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How Vehicles Have Changed: A Look at Safety Features in Today's Vehicles

The first vehicles didn't go very fast

In the late 1800's Karl Benz's Motorwagen achieved speeds of sixteen kilometres per hour. This may have seemed fast compared to horses, which walk at about six kilometres an hour and trot at about thirteen kilometres per hour. Ford's Model T could achieve speeds of about 70 kilometres per hour, which may have seemed breakneck in that era, but it's likely that they went much slower because the roads weren't paved and they were sharing the roads with pedestrians and slow-moving horses.

Fast forward to today

Today's vehicles are built solidly, can achieved speeds in the hundreds of kilometres an hour, they drive on paved roads, and many city roads and suburban plans are designed around the vehicle. With faster speeds comes the risk of more collisions but thankfully, vehicles are designed with many more safety features today:

  • Seatbelts: Most vehicles can seat between five to eight people (each with their own seatbelt). These strong-webbed belts restrain people from flying around the cabin of the vehicle in the case of a collision
  • Air bags: Airbags are tightly compressed balloons that are tied to collision-sensors and can expand out in a fraction of a second to cushion the impact and keep vehicle occupants protected from the hard surfaces. Vehicles are coming with an increasing number of airbags throughout the passenger cabin
  • Special glass: Many people don't realize this but the glass in a vehicle is special glass that not only provides stability to the vehicle (and can help to protect occupants in the case of a rollover) but is also designed to crumble instead of shatter when broken. Although crumbled glass can still injure, it is much safer than shards of glass that might fly around during a collision
  • Crumple zones: Vehicle chassis are designed to be very strong but the vehicle is divided into crumple zones so that the front (engine compartment) and rear (trunk) of the vehicle will collapse and help to take the energy of a collision
  • Signals and lights: Signals and lights – and even your horn – are safety features as well. They are there to help you communicate with the traffic around you and alert them to your presence and driving intentions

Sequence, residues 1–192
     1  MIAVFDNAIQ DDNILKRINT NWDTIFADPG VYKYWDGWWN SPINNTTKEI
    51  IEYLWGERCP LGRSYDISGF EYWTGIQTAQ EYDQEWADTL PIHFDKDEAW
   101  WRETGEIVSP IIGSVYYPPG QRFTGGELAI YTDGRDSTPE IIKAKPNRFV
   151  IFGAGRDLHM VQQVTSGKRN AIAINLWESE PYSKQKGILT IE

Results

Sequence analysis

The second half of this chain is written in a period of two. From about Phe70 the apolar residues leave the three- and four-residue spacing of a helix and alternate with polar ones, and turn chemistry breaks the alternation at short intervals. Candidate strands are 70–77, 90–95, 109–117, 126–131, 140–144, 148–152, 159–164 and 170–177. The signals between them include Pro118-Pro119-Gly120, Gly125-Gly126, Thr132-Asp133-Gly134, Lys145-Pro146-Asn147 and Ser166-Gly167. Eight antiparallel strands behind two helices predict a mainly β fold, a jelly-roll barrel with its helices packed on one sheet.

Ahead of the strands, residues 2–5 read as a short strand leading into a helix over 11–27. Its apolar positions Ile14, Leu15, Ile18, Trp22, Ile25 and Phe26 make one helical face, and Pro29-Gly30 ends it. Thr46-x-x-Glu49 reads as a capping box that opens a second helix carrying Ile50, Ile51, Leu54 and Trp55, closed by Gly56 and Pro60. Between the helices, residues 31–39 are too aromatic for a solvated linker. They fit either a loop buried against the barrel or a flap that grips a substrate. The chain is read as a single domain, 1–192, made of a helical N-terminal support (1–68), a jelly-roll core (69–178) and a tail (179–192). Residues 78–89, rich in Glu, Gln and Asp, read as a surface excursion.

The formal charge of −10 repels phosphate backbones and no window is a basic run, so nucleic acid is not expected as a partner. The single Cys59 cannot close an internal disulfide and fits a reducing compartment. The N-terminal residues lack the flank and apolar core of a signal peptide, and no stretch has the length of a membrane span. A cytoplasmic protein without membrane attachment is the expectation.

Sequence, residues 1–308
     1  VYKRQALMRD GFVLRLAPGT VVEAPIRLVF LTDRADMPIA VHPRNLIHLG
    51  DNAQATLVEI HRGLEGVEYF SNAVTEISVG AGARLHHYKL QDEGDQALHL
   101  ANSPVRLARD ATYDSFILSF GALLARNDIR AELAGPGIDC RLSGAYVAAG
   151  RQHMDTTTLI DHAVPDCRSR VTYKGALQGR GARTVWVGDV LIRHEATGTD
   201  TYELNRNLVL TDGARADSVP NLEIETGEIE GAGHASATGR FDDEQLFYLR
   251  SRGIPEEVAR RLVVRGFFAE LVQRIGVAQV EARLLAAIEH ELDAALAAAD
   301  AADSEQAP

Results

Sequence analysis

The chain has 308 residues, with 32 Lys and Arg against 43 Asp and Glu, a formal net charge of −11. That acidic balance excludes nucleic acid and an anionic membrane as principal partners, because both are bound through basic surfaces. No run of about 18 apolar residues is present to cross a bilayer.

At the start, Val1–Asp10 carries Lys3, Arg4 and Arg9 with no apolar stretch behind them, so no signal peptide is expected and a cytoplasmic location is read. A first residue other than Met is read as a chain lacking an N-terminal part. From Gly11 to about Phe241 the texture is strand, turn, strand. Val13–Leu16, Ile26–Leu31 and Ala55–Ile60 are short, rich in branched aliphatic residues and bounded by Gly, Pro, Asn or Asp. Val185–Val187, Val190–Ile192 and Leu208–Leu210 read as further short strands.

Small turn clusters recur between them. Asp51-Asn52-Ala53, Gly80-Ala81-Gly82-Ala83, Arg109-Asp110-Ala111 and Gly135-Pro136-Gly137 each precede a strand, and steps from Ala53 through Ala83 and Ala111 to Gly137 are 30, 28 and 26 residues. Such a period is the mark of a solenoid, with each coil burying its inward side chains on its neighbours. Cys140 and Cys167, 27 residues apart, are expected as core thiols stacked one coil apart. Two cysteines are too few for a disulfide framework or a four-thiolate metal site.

• Vehicle controls: Vehicle controls are put close to the driver, perhaps right on the steering wheel, to help the driver make changes to the temperature in the vehicle or the radio station without taking their hands far from the wheel or their attention off the road

More safety features are being added to vehicles all the time

Audio controls that can recognize thousands of commands will make it easier for drivers to control the cabin environment without taking their attention from the road. GPS is another safety device, helping drivers find their way without having to rely on a distracting map. All of these features are amazing, and would stun anyone who saw the first horseless carriages roll off the assembly line over a century ago. There's one important lesson to remember: All of these safety features don't replace safe driving. We can rely on these safety features in a collision but they do not give us permission to drive any less carefully.

DISCLAIMER: This article is presented for informational purposes only and should not be seen as any kind of advice. The information provided herein or linked to via this article is 'as is' with no guarantee of accuracy or completeness. Reliance on any information provided in this article is solely at your own risk.

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